Hi, I'm

Jonathan Pike 👋

I'm a software developer in Mississauga, Ontario.


Rendering ERB Templates Without Rails

June 26, 2017 # permalink

When creating HTML templates with Rails, my go-to templating language is the default: ERB. It’s an incredibly powerful yet simple way of creating dynamic documents and it’s built right in to Ruby. What’s not to like? Until recently, I had never used ERB templates outside of Rails. Here are a few things I learned:

First things first

Getting started with ERB is easy. Just initialize a new ERB object with a string template, and then call #result on the ERB object, like so:

template = "Hello, today is <%= Time.now.strftime('%A') %>"
ERB.new(template).result
# => "Hello, today is Sunday"

Templates are just strings

Chances are you don’t want to have to define an ERB template in the same file as you render the result. That was my main hangup: how was ERB going to get my template file? Then, I learned about the File library and something clicked: “I’m working with strings!” The example changes to something like this:

# template.erb

Hello, today is <%= Time.now.strftime('%A') %>
# renderer.rb

template = File.open('template.erb', 'rb', &:read)
ERB.new(template).result
# => "Hello, today is Sunday"

Binding

Now that we can read a template from a file, what about being able to call variables and methods from my template? In Rails, I would define my variables in the Controller and methods in Helpers, but I’m not using Rails. Then I learned about Binding, which is the way to pass the “execution context” of some code around. Execution context is just a fancy way of saying variables and methods. Any variables and methods defined in the class that you call #binding on, as well as any methods defined in any included module, get passed to ERB, ready to use.

# template.erb

Hello <%= name %>, today is <%= Time.now.strftime('%A') %>.

<%= benediction %>
# renderer.rb

class Renderer 
  attr_reader :template, :name

  def initialize
    @template = File.open('template.erb', 'rb', &:read)
    @name = "Jonathan"
  end

  def benediction
    Time.now.hour >= 12 ? "Have a wonderful afternoon!" : "Have a wonderful morning!"
  end

  def render
    ERB.new(template).result(binding)
  end
end

Renderer.new.render 
# => "Hello Jonathan, today is Sunday.\n\nHave a wonderful afternoon!"

The Renderer class above works, but it isn’t ideal. It doesn’t conform to the Single Responsibility Principal, putting both rendering the template and providing the execution context. Let’s refactor to fix this:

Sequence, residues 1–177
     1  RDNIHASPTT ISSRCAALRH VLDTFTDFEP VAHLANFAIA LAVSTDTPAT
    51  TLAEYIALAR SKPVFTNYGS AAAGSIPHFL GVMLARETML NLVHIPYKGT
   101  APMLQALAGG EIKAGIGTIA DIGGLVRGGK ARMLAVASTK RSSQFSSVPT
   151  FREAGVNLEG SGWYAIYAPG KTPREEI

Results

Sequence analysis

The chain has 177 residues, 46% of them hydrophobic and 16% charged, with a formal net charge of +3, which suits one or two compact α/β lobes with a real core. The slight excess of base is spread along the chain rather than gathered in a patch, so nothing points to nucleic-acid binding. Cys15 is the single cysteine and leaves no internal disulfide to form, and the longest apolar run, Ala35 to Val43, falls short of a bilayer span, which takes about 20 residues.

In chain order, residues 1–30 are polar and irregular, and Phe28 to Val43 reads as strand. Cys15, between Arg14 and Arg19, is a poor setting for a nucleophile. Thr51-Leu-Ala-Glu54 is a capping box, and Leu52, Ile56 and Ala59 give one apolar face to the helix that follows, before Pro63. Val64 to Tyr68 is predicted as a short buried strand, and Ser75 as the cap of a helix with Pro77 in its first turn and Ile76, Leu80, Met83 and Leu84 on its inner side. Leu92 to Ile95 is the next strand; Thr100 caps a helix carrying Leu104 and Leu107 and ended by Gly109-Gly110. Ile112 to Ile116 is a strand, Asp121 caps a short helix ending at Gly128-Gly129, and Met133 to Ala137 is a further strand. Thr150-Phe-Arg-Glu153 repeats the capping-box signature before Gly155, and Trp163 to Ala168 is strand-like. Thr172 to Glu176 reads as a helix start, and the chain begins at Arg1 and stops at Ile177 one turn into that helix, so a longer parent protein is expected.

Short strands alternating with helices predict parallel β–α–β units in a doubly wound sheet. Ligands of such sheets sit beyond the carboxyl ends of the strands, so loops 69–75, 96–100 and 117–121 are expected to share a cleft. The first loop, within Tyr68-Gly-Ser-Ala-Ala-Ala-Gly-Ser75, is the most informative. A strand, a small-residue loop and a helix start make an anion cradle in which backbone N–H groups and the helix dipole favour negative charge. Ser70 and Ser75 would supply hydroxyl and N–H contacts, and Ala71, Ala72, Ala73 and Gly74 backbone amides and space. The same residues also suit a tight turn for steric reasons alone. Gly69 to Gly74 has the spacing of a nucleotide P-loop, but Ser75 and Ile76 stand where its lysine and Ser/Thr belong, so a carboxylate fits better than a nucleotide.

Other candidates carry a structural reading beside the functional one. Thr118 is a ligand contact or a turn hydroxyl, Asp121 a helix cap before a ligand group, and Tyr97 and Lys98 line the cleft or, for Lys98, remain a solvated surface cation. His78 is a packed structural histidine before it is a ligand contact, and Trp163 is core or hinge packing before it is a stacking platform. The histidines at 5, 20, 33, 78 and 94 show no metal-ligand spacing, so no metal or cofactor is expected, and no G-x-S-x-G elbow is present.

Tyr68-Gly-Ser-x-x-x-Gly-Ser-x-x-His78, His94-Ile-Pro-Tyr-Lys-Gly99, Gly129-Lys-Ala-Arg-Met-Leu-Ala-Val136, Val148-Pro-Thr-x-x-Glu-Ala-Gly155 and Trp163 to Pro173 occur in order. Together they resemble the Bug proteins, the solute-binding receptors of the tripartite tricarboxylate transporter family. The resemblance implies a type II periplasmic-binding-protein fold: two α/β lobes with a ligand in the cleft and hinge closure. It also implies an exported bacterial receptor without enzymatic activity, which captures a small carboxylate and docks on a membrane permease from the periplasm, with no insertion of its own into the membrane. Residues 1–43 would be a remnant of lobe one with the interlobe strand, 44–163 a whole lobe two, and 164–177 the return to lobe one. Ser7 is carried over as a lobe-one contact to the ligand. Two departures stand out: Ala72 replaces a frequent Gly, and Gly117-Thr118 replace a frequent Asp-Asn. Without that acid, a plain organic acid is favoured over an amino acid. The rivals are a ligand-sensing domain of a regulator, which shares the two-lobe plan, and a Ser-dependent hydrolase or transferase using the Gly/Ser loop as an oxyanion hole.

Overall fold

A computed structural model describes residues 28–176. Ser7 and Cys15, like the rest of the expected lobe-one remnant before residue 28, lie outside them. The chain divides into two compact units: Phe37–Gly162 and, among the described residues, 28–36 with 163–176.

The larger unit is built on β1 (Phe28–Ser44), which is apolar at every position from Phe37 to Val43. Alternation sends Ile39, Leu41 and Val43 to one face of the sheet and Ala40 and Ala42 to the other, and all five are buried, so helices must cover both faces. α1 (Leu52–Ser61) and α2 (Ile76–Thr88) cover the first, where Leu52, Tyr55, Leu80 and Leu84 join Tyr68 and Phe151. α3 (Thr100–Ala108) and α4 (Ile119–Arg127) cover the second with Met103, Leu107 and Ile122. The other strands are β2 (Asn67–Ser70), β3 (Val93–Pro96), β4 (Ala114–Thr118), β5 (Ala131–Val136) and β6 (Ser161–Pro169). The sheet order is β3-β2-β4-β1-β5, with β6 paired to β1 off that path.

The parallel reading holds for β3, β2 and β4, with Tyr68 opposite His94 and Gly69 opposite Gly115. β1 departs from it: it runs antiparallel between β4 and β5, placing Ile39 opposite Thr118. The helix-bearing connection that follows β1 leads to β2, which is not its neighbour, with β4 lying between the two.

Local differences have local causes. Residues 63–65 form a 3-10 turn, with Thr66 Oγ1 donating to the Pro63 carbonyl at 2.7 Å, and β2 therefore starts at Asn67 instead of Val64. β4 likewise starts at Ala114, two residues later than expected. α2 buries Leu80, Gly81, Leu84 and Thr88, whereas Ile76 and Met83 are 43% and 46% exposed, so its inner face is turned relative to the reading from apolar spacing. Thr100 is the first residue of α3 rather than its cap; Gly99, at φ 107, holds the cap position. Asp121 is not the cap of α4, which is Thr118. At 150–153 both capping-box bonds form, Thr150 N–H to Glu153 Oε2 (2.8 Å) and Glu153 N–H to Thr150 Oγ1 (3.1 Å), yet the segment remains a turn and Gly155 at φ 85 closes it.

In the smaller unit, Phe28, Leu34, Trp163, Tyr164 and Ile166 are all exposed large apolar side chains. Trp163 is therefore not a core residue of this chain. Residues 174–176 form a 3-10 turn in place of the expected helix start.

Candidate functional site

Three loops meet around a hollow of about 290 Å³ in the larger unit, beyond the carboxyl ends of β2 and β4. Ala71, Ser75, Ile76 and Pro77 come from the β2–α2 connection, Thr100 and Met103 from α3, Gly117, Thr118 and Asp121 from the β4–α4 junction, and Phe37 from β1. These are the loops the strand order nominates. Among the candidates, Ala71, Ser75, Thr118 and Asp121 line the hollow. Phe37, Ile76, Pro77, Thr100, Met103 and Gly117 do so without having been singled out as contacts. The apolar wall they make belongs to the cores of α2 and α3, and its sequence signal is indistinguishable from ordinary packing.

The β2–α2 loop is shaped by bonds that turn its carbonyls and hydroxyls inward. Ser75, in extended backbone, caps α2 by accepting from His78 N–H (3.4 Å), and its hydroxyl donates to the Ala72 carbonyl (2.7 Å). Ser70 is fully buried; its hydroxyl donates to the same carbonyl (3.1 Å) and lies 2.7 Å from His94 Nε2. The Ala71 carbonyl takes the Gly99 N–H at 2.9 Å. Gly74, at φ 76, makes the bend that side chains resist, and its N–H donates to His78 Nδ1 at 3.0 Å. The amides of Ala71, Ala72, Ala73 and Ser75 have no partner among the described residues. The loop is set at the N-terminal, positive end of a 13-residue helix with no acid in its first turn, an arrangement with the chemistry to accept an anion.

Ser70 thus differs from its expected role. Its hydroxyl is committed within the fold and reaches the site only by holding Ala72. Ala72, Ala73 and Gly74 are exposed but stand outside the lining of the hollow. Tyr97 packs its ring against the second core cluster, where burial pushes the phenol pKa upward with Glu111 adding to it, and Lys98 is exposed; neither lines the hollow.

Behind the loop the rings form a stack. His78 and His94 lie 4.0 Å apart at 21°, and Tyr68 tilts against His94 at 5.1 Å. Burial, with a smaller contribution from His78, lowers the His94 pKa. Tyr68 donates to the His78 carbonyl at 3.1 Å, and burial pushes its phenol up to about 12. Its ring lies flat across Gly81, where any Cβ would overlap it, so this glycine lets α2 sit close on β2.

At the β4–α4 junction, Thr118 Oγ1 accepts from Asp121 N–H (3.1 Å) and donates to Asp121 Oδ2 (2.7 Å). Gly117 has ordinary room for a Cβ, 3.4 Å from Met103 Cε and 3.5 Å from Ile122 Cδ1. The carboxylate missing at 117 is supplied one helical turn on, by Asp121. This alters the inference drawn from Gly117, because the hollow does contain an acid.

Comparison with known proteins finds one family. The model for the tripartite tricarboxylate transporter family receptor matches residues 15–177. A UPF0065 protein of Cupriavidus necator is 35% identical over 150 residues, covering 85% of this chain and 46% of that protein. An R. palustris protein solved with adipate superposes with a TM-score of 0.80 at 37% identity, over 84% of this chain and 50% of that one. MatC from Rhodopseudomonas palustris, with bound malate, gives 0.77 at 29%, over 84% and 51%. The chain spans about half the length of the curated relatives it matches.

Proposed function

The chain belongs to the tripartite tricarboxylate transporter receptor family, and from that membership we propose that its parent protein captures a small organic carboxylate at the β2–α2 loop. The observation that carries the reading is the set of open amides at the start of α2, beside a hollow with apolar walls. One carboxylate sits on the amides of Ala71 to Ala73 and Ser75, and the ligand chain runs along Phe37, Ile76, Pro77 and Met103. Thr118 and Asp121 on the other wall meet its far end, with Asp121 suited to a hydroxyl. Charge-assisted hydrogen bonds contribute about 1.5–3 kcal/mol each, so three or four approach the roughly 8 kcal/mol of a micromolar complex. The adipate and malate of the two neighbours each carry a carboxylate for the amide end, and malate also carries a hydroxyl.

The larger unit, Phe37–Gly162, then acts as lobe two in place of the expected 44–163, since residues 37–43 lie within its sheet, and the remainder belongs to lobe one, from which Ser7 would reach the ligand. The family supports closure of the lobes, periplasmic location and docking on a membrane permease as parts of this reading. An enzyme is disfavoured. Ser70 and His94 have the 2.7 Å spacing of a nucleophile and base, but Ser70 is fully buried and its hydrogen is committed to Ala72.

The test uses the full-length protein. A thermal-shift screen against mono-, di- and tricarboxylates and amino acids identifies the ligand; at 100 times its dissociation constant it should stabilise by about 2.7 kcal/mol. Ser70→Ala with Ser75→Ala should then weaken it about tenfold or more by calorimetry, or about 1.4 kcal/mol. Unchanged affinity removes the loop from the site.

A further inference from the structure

# view.rb
def View
  attr_reader :name

  def initialize
    @name = "Jonathan"
  end

  def benediction
    Time.now.hour >= 12 ? "Have a wonderful afternoon!" : "Have a wonderful morning!"
  end

  def get_binding
    binding
  end

  def build
    Renderer.new(self)
  end
end

# renderer.rb
class Renderer 
  attr_reader :template, :binding_klass

  def initialize(binding_klass)
    @template = File.open('template.erb', 'rb', &:read)
    @binding_klass = binding_klass
  end

  def render
    ERB.new(template).result(binding_klass.get_binding)
  end
end

Since the execution context that the template needs is now outside of Renderer, I have to pass in self to Renderer from View. In View, you’ll see that I also defined a method called get_binding which just returns the binding. Why couldn’t I just call binding directly on the instance of View I passed in? Let’s try it:

def render
  ERB.new(template).result(binding_klass.binding)
end

Renderer.new.render
# => NoMethodError: private method `binding' called

So, binding is private, but we can access it through a method like get_binding.

Encoding

Finally, let’s spice up this template with an emoji. Emoji, after all, are just Unicode code points. Lets see:

# template.erb

Hello <%= name %> 😬, today is <%= Time.now.strftime('%A') %>.
Renderer.new.render
# =>  incompatible character encodings: ASCII-8BIT and UTF-8

That’s not what I expected! I eventually figured out that I needed to change the way that I was opening my template file to include an encoding:

File.open("template-file-path", 'rb', encoding: 'utf-8', &:read)

Opening the template as a utf-8 file makes everything run perfectly.

Rendering ERB for Fun and Profit

Rendering ERB templates without Rails is a little daunting at first. Once you get the hang of it, it’s as powerful and simple as ERB itself.

If you want to read more about ERB without Rails, I highly recommend this article by Stuart Ellis.